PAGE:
Trial audio: Then-Arizona assistant says Sean Miller paid Deandre Ayton
May 1, 2019, 9:39 AM | Updated: 5:09 pm
(Photo by Chris Coduto/Getty Images)
Wiretap audio collected by the FBI and played in the federal college basketball corruption trial Wednesday includes former Arizona Wildcats assistant Emanuel “Book” Richardson claiming head coach Sean Miller paid players, according to Yahoo! Sports.
Scattered among seven wiretap audio recordings played, there were multiple instances where Richardson suggested that Miller had paid or promised to pay high school recruits. One mention recorded in June 2017 involves Richardson claiming Miller agreed to pay or had paid $10,000 a month to eventual No. 1 overall NBA Draft pick Deandre Ayton, who is now a member of the Phoenix Suns.
From Yahoo! Sports’ Dan Wetzel and Pete Thamel:
On one call between (runner Christian) Dawkins and Richardson, the two discussed Ayton and the possibility of Dawkins’ management company eventually signing Ayton. That’s when Miller came up.
“You know what he bought per month,” Richardson said on the call concerning what Richardson believed was Miller’s agreement with Ayton.
“What he do?” Dawkins asked.
“I told you, 10,” Richardson said.
Later, Dawkins said, “Hey, he’s putting up some real money for them [explicit].”
Also on the calls, the two discussed that Richardson did not need to use any of the $20,000 that Dawkins’ company was going to give him to pay Wildcat player Rawle Alkins because Miller was allegedly handling him.
“Sean’s taking care of Rawle and them,” Dawkins said.
The wiretap evidence was played before Dawkins, a defendant, decided to take the stand to testify.
Video evidence presented last week in the trial included an FBI recording of Dawkins claiming that he and Miller discussed potential payments to Ayton, who was then a recruit. Witness Marty Blazer also testified that Dawkins told him Miller admitted to paying players.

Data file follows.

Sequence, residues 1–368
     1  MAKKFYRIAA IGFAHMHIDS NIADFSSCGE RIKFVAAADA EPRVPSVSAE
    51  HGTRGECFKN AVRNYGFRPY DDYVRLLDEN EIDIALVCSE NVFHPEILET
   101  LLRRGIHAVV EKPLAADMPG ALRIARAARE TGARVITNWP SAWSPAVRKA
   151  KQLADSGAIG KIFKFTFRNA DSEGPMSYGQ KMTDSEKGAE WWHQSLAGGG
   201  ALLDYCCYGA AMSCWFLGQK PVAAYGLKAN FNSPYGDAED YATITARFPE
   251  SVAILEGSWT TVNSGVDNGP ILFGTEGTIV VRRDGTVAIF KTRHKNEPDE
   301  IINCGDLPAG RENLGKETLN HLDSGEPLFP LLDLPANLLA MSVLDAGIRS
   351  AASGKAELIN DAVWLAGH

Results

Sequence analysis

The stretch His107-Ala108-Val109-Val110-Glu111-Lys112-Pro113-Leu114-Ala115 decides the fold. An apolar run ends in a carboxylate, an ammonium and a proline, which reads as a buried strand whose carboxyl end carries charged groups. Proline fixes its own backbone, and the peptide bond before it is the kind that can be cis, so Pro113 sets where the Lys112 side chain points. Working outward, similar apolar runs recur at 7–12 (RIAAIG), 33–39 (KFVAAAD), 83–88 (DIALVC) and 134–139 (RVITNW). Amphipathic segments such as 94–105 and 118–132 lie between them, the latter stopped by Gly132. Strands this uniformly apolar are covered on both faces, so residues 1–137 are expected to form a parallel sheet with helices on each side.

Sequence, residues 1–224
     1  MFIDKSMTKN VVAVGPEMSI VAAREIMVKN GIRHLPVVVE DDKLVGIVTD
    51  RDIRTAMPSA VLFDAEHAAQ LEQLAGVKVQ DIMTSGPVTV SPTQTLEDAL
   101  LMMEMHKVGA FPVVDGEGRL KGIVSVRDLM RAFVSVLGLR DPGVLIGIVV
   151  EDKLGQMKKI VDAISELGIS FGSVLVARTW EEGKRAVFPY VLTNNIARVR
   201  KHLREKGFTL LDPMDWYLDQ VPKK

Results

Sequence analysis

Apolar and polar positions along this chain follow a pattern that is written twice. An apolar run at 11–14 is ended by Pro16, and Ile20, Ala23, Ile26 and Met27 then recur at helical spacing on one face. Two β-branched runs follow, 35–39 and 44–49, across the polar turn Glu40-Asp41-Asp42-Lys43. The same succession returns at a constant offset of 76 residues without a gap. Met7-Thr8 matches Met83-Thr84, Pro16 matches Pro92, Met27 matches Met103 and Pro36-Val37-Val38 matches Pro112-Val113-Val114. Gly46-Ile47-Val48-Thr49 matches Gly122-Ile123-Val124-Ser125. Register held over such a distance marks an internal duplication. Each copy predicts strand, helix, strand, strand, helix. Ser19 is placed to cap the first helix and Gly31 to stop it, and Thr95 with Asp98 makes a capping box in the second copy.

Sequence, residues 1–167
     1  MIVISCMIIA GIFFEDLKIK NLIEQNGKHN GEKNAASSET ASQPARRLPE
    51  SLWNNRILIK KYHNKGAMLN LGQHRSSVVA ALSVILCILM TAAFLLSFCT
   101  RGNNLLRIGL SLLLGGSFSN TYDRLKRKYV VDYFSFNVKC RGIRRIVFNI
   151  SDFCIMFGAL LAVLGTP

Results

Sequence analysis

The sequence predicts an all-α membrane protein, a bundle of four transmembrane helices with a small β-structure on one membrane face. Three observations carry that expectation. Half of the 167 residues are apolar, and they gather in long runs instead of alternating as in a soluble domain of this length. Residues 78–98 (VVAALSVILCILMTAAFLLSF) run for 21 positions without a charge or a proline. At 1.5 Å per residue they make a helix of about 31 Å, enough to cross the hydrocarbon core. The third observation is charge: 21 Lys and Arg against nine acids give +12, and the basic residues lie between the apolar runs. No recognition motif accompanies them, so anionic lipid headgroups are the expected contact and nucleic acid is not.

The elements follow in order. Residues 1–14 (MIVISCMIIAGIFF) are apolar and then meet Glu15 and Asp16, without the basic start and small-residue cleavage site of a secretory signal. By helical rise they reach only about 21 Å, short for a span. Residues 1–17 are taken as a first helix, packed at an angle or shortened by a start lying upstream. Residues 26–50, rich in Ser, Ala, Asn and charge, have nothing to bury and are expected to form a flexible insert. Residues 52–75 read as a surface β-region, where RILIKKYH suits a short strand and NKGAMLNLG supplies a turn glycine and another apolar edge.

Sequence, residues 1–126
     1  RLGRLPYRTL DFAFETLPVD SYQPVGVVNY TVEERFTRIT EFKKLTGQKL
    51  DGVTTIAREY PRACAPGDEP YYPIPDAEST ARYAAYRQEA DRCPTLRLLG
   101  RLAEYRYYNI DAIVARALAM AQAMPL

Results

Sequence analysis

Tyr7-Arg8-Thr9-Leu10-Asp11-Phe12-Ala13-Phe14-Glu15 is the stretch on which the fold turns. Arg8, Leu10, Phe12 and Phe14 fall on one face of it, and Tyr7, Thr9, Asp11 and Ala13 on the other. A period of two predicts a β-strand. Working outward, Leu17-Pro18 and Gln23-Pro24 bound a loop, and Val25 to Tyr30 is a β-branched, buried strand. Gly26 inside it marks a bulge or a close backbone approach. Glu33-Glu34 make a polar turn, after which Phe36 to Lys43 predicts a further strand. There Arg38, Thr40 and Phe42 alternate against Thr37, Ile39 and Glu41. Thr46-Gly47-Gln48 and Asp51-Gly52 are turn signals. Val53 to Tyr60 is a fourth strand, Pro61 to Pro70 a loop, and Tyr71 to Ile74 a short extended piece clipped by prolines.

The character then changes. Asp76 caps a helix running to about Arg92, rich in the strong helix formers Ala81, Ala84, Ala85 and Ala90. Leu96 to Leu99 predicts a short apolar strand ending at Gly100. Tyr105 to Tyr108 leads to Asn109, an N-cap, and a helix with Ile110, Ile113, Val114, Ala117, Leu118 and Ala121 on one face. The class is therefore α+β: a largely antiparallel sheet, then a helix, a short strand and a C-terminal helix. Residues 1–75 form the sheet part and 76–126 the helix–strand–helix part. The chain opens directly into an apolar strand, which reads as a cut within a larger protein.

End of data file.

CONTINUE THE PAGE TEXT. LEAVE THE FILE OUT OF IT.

Dawkins, caught on tap: "I need to talk to Sean because Book uses me. Him and Sean hate each other. It's a weird — it's like a bad marriage."
— Matt Norlander (@MattNorlander) April 24, 2019
Richardson was promptly dismissed from the team in September 2017 when he was arrested by the FBI before the string of trials began, but links to the scandal soon found Miller.
In early 2018, ESPN first reported that wiretaps included Miller discussing payments with Dawkins. While prior federal trials involving the college basketball scandal confirmed the two spoke, there has yet to be audio evidence used in a trial of Miller speaking to Dawkins about such payments.
ESPN’s initial report said FBI wiretaps included conversations between Dawkins and Miller about a $100,000 sum to ensure Ayton landed with the Wildcats. On March 1, 2018, following that report, Miller missed a road game as the school looked into the allegations. The head coach returned and read a prepared statement refuting ESPN’s story.
“I have never knowingly violated NCAA rules while serving as head coach of this great program. I have never paid a recruit or prospect or their family or representative to come to Arizona. I never have and I never will,” Miller said.
“Let me be very very clear: I have never discussed with Christian Dawkins paying Deandre Ayton to attend the University of Arizona. In fact, I never even met or spoke to Christian Dawkins until after Deandre publicly announced he was coming to our school. Any reporting to the contrary is inaccurate, false and defamatory.”
A third-party attorney, Paul Kelly, was hired by the University of Arizona upon the basketball program’s link to the corruption investigation. He has attended the trials in New York, according to the Arizona Daily Star.
Regardless of Miller breaking any NCAA recruiting rules, he could be at risk of punishment by the NCAA due to a bylaw that says head coaches are responsible for the assistants’ actions.
Few things: Paul Kelly, outside counsel for Arizona, has confirmed that the FBI cleared Deandre Ayton. Similar sources indicate the FBI also interviewed Rawle Alkins and Sean Miller while on campus.
— WildcatAuthority.com (@AZAuthority) May 1, 2019